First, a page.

I bought a copy of Jodi Picoult's My Sister's Keeper several months ago, but only read it recently, considering it as a possible selection for my reading group. Immediately, I was sucked into the story and plowed through the 400-plus pages in about a day. Not being a fast reader, this was unusual for me. (And who wants to read quickly anyway? I always want to linger with the books I like.)
There are many things that recommend this book -- an intriguing moral dilemma involving organ donation, the emotional drama of a family torn apart by an illness that maims the siblings more than the cancer-stricken daughter, an accurate portrayal of how society reacts to 'visible' disabilities rather than those less obvious to the onlooker, and a narrative point of view that changes with each chapter, giving insight into more than just the main character.
The book deals well with the emotionally charged issue of extraordinary medical treatments and genetic engineering. The book walks a tight-rope, balancing the interests of the sick child with those of the child 'created' for the sole purpose of being a genetic match designed for saving her sister. One of the benefits of fiction is that it can deal with such issues in ways that scientific discourse and political arguments can not. As humans we thrive on stories and storytelling can be the vehicle for figuring out where one stands on an issue, for understanding that the answers are not simple, straightforward, black-and-white decisions. Picoult does this without delving too far into medical jingo and without being too heavy-handed regarding either side of the debate. Though striving to present multiple points of view, the book still leans towards one side of the argument. In part this is due to a lackluster, one-dimensional portrayal of the mother.
The technique of each character narrating chapters is interesting and works well to move the plot forward. However, some of these chapters are much stronger than the others. Anna, the healthy sister no longer willing to undergo medical procedures to save her dying sister, is clearly the protagonist and the chapters narrated by her are among the best written in the book. Clearly the author is intent on this being Anna's story, while trying to give balance and dimension to the other characters. Early in the book, the chapters narrated by the mother Sara are griping, capturing the emotions of a mother's fear of losing her child. Later in the book, as Sara becomes the enemy of Anna, fighting her teenage daughter in court, her chapters are one sided. They don't seem as true as the earlier chapter, failing to fully give the mother's point of view, painting her as a monster only loving one child, a mother best skilled at nurturing a sick child while being neglectful of her other children. When the mother claims that she cannot make a decision that would benefit both children, and that she realizes it is a Solomon-esque decision, the reader doesn't believe it.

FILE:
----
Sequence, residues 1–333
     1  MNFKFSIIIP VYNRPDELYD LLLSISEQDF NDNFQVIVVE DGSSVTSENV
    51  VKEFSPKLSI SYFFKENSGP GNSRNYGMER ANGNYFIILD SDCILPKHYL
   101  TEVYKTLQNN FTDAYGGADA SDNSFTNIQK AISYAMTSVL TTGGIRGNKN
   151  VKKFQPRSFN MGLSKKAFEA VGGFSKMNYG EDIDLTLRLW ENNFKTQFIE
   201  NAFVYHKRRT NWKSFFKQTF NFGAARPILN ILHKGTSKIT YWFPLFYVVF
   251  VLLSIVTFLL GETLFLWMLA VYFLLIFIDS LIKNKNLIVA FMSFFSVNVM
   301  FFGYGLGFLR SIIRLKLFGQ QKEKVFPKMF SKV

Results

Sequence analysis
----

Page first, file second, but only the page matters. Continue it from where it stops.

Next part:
Similarly, other chapters in the book present some relevant ideas regarding the ethical dilemmas involved, serve to move the plot forward and develop the minor characters. However, most of the minor characters are not well developed. The chapters between the child advocate and the lawyer add an unnecessary romance-novel love story to the book, but aren't convincing regarding the emotional motivations of the characters. The chapters about the father portray a man always ready to save others in his professional life, but distant from his own family. While the father talks about having given up on his teenage son, the book doesn't give any indication of his remorse, or realization of how his behavior may have influenced his son. When he stands up for Anna, the reader wonders why he hadn't done so before. The best written minor character is the character who narrates the fewest chapters -- Jesse, the delinquent son. His intelligence, crippled by his anger, is evident; his cries for parental attention while aware that it is unattainable is striking. Picoult's introduction to the book mentions her own experiences as a parent of a sick child. I find it interesting, then, that it is the teenagers, not the parents who are the best portrayed characters in the book.
Picoult's writing kept me reading, and I understand why her books are popular. The emotional tug-of-war is one that could appeal to a female reader who looking for a book that is 'a good cry'. But, as I approached the final pages I felt cheated, manipulated by the author, my emotions and expectations toyed with. In a published interview, Picoult revealed that her own child didn't talk to her for a week after reading the book because of the ending. Yet, she claimed, she couldn't have ended the story in any other way. Perhaps that's because she was looking for a nice, tidy ending that let everyone be happy. Life is not that way. The ending was an easy way out for the author.
The quotes from works by authors such as Shakespeare, Milton, and Edna St. Vincent Milay preceding each section of the book were a nice touch. At first, they might appear out of place, a bit disjointed from the narrative, but in retrospect, they subtly frame the action to come.
I would recommend this book. For a reading group, it certainly provides many topics for discussion.